As high school juniors get ready to apply for university, many worry colleges will ask them to submit scores for standardized tests they can’t currently take because of the coronavirus.
This April, opportunities to take the SAT and ACT were canceled with tentative postponements until June. While some students take these tests only once, it’s common to take them multiple times to try for the best possible score. More than one million high school juniors were scheduled to take the SAT or ACT for the first time this spring, according to the College Board.
Fearing their applications will be put at a disadvantage, students are asking colleges not to require test scores in fall 2021.
“A majority of colleges require SAT and ACT scores,” said Maodon Tohouri, a junior at Amador Valley High School in Pleasantville, California. “For those who wanted to take or retake the test [this spring], that opportunity has been lost … These announcements have heightened the anxiety of many of my peers. And for those who have always been disenfranchised in this process, the announcements are worse.”
Tohouri addressed a virtual crowd at a live online panel discussion on Monday, hosted by Student Voice, a student-run non-profit. The group has been calling on colleges and universities to make standardized test scores optional for next year’s high school graduates in light of the current situation and to question the role of standardized testing in admissions more broadly. Three weeks ago, the group started a petition, collecting over 1,000 signatures in favor of temporarily nixing test score requirements, and held a letter-writing campaign to colleges and universities.
At the online press conference, Chris Suggs – a third-year student at the University of North Carolina at Chapel Hill and the president of his campus’s Black Student Movement – argued that standardized testing is inequitable under the best of circumstances, let alone during the coronavirus. He worked part-time in high school to help support his household, while juggling extracurriculars and volunteer work, which was “extremely taxing and tolling,” he said, but standardized test scores don’t take those kinds of challenges into account.
Now high school students are applying to college at a time when communities of color have been disproportionately hit by coronavirus cases and the SAT and ACT are unpredictably delayed.
High school students of color “have this increased feeling of uncertainty” on top of the disparities they already face, Suggs said.
Meanwhile, even if testing is possible in June, it’ll come with added logistical challenges, pointed out Emanuelle Sippy, a junior at Henry Clay High School in Lexington, Kentucky. When students take the SAT during the spring, students don’t have to register with the College Board. The test site is their school and they have school buses for transportation. There’s less “institutional knowledge” required, she said.
A growing number of colleges and universities started abandoning the requirement for standardized testing – now over 1,080 schools – long before the coronavirus. The test optional movement began with private colleges in the Northeast as early as the late 1960s, based on research that showed minority and low-income students, who often have less preparation, score lower on college entrance exams.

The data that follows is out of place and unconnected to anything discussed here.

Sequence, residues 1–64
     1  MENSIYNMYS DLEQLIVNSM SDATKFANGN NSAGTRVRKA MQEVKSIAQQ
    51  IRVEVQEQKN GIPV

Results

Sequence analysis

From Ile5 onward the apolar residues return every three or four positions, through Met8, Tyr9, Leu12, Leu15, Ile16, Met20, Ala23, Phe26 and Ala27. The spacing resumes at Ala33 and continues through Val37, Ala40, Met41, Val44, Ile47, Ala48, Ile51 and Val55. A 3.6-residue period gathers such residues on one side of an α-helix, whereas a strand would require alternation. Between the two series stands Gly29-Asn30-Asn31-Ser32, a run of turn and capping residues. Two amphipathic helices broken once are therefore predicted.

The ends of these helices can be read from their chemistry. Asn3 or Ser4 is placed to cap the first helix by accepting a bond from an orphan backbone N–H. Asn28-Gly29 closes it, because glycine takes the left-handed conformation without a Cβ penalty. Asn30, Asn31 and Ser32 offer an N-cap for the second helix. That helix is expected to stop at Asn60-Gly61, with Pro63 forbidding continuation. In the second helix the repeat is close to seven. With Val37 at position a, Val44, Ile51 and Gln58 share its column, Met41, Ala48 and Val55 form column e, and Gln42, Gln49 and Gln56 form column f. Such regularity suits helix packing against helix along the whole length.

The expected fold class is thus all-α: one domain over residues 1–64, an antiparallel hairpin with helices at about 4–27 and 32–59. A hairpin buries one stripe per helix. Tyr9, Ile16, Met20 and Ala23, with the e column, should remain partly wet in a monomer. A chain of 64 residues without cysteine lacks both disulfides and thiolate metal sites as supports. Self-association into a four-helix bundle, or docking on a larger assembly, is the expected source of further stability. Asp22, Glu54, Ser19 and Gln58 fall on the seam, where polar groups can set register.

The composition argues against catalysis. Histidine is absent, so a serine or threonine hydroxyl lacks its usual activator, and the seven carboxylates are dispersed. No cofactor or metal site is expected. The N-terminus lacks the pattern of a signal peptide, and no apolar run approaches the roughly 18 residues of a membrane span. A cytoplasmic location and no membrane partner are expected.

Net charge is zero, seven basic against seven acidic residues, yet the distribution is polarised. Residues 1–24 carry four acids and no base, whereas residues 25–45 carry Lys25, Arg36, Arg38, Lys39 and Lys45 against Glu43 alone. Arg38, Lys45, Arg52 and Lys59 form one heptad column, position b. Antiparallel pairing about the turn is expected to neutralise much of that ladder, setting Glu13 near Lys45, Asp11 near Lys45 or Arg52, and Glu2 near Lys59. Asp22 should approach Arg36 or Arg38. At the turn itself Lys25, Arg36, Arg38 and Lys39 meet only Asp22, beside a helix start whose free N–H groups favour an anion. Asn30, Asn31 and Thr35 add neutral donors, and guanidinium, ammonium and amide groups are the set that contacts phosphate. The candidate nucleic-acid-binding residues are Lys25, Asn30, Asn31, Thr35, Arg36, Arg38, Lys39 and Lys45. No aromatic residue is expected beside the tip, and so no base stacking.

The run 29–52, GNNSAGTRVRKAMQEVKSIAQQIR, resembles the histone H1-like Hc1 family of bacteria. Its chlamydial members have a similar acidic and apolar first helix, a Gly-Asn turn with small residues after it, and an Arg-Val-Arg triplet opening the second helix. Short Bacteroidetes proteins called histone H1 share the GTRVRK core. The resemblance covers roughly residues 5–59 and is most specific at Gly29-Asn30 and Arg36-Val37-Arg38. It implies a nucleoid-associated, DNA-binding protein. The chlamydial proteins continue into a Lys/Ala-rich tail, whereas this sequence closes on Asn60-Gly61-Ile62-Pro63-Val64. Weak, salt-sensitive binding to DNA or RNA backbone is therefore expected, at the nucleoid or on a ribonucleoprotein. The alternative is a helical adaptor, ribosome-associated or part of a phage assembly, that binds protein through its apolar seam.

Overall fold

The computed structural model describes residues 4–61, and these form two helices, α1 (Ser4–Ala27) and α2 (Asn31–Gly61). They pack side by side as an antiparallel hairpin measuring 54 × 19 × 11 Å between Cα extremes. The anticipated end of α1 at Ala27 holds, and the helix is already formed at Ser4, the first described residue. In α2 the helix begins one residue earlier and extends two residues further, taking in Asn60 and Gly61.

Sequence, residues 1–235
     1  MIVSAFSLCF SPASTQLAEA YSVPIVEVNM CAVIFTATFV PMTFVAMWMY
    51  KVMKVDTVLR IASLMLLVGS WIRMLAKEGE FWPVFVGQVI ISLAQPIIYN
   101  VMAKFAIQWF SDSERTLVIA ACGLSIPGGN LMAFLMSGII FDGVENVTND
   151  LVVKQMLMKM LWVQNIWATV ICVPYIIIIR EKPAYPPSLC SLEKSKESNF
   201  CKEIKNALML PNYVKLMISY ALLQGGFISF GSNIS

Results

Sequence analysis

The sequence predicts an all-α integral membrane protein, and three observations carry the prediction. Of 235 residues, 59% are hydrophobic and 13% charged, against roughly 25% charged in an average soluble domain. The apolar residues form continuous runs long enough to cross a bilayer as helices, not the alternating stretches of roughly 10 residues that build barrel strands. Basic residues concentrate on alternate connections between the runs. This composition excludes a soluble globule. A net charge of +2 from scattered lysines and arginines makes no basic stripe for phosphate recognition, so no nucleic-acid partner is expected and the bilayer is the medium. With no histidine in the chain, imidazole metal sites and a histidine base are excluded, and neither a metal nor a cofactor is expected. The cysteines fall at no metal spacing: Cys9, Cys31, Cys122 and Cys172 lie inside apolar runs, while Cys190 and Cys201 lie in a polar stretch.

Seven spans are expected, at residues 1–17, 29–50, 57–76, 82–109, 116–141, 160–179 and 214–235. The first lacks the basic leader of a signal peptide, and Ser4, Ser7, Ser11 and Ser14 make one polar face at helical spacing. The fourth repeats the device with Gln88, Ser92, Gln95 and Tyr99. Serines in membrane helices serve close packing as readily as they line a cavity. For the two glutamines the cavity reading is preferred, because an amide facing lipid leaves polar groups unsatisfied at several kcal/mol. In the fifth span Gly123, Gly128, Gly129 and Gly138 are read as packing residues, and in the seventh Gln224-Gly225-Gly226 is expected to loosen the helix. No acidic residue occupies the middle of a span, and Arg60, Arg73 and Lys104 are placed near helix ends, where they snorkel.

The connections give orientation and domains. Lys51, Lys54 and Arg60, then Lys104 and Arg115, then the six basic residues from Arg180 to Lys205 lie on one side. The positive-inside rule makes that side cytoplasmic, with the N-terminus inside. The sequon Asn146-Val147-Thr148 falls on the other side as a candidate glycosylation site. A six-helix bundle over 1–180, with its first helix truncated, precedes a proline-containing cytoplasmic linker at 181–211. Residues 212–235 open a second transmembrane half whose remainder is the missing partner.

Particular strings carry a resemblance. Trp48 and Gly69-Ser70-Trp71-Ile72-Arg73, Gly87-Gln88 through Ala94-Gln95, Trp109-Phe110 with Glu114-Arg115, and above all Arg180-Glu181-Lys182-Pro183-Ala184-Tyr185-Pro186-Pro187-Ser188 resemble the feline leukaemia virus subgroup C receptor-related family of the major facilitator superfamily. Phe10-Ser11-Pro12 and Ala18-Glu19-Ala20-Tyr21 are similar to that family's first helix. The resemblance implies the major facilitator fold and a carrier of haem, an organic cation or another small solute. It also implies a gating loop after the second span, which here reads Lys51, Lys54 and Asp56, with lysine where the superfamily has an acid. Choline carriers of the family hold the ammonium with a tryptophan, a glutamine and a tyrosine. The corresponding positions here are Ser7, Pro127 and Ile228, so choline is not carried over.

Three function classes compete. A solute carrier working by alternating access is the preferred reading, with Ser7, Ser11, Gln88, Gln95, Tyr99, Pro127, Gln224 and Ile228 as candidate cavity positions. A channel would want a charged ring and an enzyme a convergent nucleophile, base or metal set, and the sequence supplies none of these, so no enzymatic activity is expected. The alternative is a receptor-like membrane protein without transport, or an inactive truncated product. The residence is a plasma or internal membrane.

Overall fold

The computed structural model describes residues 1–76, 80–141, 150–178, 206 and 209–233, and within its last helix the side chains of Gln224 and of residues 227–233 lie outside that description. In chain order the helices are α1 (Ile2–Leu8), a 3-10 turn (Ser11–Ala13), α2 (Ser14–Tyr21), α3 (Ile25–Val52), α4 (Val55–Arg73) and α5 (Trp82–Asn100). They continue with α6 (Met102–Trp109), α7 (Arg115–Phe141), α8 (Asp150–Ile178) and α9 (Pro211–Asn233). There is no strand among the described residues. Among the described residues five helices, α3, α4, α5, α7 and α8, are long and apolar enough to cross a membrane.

“Test scores have a problematic correlation with family income, with sex and with race and ethnicity. Period,” said Andrew Palumbo, dean of admissions and financial aid at Worcester Polytechnic Institute. His institution has been test optional for 13 years. “As someone who’s led admissions teams at a range of different institutions, admissions officers do not need a single high-stakes test score to make solid admissions decisions.”
Since the campus shutdowns because of the coronavirus, about 60 institutions have temporarily agreed to waive their test score requirements for fall 2021. Even the University of California system, which came out with a report in favor of mandatory standardized test scores in February, suspended the requirement.
The question is if any of these newly-minted emergency test optional policies will stick. Some student advocates hope the answer is yes.
Jamaal Muwwakkil, the student regent on the University of California system board of regents, is “encouraging that conversation to persist” after the crisis, because standardized tests “kind of just test test-taking ability,” he said.
A Ph.D. student at UC Santa Barbara, Muwwakkil compared applicants with high scores to students admitted because of a special talent.
But “instead of being able to play the saxophone well or swim real fast, you can sit down for two to three hours and take a test very well,” he said. “If that’s what we get from it, and we invest so much stress and anxiety, emotional and mental strain, and economic output from some of our most vulnerable applicants … it doesn’t seem like a good enough rationale to persist.”
Claudia Marroquin, director of admissions at Bowdoin College, is hopeful schools that temporarily go test optional will be pleased with the possible results: a greater “diversity in perspectives and experiences” in their student bodies. Bowdoin was the first school to nix the testing requirement in 1969 and continues to be a strong advocate for the test optional movement.
“It does bring students into the classroom experience who may not have been there otherwise,” she said. “And that is the purpose of education, to really have your mind stretched. That comes from being able to share a classroom with people who don’t look like you, who didn’t grow up with the same resources and realizing you’ve all earned your ability to be at that seat and at that table.”
Sara Weissman can be reached at firstname.lastname@example.org.